1. British winner of 1952 Prague-Berlin-Warsaw ‘Peace Race’ (3, 5)
6. To the average cyclist, the chances of winning a big race is precisely this (1, 5)
8. Claud Butler and Jack Taylor were noted classic British builders of this type of machine (6)
9. The time trialist who has a good cadence may be said to do this (3, 4)
10. Noted small Italian component manufacturer (5)
11. French term for a bicycle (4)
12. The “Road Record —‘ was a classic British machine built by 9 Down (3)
13. First word in the title of an early season Belgian one-day classic race (3)
14. What races ‘against the clock ‘ are all about (4)
15. Belgian city in which the oldest one-day classic known as ‘la doyenne’ starts and finishes (5)
17. Surname of noted British pre-WWII lightweight builder whose first name was Maurice (7)
19. Famous brand of French lightweight steel lugs (6)
20. What the long-distance cyclist needs to keep doing to maintain energy levels (6)
21. The British cycling time trial record from Land’s End to John o’Groats (3, 2, 3)
2. A classic Italian lightweight brand (5)
3. A strategy often used by track match sprinters off the banking to steal a march on an opponent (3, 4)
4. A standard necessary feature on a traditional cycling shoe (4)
5. When a gear or brake cable is too long it is necessary to do this (5, 2)
7. Classic British stage race first held in the 1950s (4, 4)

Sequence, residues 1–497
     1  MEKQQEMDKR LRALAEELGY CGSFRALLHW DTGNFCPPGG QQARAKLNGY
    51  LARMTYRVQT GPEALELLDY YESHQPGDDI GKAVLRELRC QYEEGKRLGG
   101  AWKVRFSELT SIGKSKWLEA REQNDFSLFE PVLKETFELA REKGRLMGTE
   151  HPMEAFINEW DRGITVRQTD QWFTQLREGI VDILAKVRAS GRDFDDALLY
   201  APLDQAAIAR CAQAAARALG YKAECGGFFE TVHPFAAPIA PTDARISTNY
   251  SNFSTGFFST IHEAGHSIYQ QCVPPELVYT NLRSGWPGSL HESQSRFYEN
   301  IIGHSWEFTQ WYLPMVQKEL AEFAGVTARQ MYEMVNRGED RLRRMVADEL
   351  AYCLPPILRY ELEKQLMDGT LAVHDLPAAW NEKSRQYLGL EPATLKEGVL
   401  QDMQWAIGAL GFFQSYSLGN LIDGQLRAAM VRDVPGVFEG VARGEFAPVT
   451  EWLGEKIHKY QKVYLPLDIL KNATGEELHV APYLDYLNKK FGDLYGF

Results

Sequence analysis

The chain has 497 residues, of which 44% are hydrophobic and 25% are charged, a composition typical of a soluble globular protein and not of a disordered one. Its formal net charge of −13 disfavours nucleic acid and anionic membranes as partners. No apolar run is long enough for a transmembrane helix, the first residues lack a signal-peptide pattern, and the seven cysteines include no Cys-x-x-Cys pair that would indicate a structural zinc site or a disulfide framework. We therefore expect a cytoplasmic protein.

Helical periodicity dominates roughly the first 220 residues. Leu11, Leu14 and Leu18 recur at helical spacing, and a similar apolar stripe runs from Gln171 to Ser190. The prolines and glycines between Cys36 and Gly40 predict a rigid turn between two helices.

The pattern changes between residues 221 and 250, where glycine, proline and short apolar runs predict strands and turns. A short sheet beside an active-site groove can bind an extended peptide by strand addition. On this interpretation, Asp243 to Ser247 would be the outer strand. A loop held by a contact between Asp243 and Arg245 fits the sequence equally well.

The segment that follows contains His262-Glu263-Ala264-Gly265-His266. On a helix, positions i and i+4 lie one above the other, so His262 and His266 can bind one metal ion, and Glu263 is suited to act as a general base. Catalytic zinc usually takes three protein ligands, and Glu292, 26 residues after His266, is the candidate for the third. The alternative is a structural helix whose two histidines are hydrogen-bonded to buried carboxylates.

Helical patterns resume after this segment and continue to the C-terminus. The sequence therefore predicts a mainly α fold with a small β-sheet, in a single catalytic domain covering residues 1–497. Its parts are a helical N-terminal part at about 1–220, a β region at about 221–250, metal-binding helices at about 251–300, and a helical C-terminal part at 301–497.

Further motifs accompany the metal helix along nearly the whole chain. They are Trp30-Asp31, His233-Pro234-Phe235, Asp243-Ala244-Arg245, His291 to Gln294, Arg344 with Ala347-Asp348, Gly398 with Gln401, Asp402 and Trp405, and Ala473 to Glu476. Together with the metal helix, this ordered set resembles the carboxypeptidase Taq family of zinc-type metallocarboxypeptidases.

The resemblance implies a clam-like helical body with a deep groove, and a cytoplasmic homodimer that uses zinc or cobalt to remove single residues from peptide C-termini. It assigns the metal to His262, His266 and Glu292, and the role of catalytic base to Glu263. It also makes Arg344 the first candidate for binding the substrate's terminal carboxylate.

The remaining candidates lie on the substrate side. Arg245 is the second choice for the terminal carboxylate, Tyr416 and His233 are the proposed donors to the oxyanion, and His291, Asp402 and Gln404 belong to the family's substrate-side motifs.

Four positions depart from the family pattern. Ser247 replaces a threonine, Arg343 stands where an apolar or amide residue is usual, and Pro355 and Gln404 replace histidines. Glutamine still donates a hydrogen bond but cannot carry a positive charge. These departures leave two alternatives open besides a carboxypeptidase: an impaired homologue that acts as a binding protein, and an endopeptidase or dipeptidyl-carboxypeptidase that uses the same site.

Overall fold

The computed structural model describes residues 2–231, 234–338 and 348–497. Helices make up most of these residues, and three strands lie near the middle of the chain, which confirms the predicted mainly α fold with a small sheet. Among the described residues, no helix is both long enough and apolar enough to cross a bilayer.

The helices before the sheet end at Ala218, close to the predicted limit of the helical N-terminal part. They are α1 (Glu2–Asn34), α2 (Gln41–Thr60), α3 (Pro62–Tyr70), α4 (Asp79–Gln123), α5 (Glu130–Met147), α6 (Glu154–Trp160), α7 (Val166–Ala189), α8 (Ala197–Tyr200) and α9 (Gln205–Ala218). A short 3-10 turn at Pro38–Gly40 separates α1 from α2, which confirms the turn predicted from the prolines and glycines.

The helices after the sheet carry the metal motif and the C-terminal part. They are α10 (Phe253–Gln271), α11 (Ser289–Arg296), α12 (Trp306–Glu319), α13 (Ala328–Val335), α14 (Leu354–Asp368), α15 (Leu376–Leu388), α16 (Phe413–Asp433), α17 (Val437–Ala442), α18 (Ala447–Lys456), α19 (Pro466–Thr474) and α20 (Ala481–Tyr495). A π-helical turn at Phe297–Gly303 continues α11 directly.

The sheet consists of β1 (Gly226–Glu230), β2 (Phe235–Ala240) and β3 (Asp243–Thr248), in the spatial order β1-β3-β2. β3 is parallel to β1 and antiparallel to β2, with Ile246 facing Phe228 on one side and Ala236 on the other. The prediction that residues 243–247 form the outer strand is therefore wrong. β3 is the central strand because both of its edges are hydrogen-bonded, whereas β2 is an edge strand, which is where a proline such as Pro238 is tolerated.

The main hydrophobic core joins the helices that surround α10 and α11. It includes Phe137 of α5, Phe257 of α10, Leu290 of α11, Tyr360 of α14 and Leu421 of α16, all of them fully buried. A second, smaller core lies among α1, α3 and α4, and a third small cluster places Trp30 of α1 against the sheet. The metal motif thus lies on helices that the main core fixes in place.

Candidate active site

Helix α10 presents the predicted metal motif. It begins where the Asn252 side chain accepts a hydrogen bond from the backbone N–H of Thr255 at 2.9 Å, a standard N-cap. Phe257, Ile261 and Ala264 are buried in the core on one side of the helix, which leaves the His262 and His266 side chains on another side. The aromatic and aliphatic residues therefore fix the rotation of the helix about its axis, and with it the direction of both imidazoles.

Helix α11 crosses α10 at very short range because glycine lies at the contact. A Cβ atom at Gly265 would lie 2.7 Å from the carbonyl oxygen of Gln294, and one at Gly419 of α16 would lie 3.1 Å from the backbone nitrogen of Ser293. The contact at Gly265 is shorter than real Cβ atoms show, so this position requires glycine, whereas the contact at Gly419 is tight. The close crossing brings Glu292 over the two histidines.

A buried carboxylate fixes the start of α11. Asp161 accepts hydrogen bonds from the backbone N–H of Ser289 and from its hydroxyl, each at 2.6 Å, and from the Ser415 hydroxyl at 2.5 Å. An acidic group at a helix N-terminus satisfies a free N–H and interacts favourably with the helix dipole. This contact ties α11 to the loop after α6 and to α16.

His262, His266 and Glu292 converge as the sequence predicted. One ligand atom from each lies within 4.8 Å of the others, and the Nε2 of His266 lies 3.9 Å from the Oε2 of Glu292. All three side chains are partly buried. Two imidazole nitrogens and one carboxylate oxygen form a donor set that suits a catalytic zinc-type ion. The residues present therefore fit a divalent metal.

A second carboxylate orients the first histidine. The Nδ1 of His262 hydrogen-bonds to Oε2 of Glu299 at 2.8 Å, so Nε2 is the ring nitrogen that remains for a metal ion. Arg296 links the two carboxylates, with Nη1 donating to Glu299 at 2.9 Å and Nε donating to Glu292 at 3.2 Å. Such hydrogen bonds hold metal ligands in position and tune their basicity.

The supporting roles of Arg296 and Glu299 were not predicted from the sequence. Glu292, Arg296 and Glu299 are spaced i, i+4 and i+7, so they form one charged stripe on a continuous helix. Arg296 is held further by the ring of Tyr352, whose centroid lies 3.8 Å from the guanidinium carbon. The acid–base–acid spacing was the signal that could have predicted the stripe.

9. Famous British lightweight brand produced in Nottingham (7)
10. A cyclist who insists on avoiding a lightweight with a ‘bling’ frame finish can be said to have ‘’… …..’ (3, 5)
12. Famous model of British lightweight hub (7)
13. Classic French lightweight as ridden by Jacques Anquetil (7)
16. Colour of the Tour de France points jersey (5)
18. Device for securing a water bottle to the bicycle (4)
Metro Cycle Racing Club, Greenwich, UK
Many years ago I supplied the Classics Lightweights site with some history and photos about the club and its links to the Metro and Meridian frames. Recently, six of the original club members have been reunited, all in our later 70’s and dedicated to tracing some of the others. One particular colleague is John Rawlinson who also posted information on the same page as my piece. We think that he could be the link to finding the others from the early 60’s and wondered if you still have a record of his contact with you (sadly I do not Ed. – can any readers help?), would you kindly let him know my email address with the request that he contact me. Brian Ward email@example.com